Hackney restaurants targeted in wage clampdown
PUBLISHED: 07:00 06 March 2015
Restaurants were targeted as part of an ongoing campaign to tackle national minimum wage breaches, with employers found to potentially owe staff more than £300 in unpaid wages.
One employee was found to be potentially working for just £4.18 per hour in the joint clampdown by HM Revenue and Customs, police, Home Office and council representatives – including trading standards and environmental health.
Super Ocakbasi Restaurant, in Stoke Newington Road – which won the Best Takeaway in London at the British Kebab Awards in January – was one of six restaurants visited on Tuesday last week.
Although no minimum wage breaches were found, it was issued with an emergency prohibition notice after officials claimed it had a “severe cockroach infestation and dirty work surfaces and equipment.”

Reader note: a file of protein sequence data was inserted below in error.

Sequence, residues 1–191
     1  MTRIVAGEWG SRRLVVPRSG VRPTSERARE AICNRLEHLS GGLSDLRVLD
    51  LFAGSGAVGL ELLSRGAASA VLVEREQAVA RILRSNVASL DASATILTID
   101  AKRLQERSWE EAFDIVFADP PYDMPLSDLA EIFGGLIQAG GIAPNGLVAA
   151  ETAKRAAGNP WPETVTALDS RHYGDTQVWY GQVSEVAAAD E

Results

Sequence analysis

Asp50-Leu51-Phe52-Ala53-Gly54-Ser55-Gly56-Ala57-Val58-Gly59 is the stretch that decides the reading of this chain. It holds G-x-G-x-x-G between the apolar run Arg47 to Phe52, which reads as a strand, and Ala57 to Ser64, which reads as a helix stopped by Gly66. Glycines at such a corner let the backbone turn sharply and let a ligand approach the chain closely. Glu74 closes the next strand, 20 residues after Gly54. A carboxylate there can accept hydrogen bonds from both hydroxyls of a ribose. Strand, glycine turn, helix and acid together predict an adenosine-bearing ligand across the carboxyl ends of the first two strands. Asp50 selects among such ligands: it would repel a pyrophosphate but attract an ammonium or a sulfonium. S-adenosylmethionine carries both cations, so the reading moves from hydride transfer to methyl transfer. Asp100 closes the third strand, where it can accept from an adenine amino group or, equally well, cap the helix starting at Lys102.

The hearing for the notice took place on Thursday last week and was unopposed.
Environmental health officers advised the restaurant owners to perform extensive cleaning on the premises before it could reopen and to call pest control to tackle the cockroach problem.
A spokesman for the restaurant said this week: “We are serving food again; we cleaned everything up and they checked. We were closed for three days but now we are open again.”
The operation also found one business did not have efficient ventilation and needed to ensure better cleaning practices. Another didn’t have a pest control report that was up to date, two businesses were not VAT registered and another wasn’t registered for PAYE.
Deputy Mayor of Hackney, Cllr Sophie Linden, said: “We already know the majority of businesses are good businesses, paying at least the national minimum wage.
“It is the small minority that exploit their staff that we are determined to find.
“In Hackney we want all businesses to go one step further and pay their staff the London living wage and help make it a fair pay borough.”
Employers not paying at least the national minimum wage could be fined, find themselves having to backdate pay to an employee and end up in court.
Anyone aged 21 and over should receive the national minimum wage of £6.50 per hour. For under 21s the wage is £5.13, and under 18s £3.79. Different rules apply to apprenticeships.
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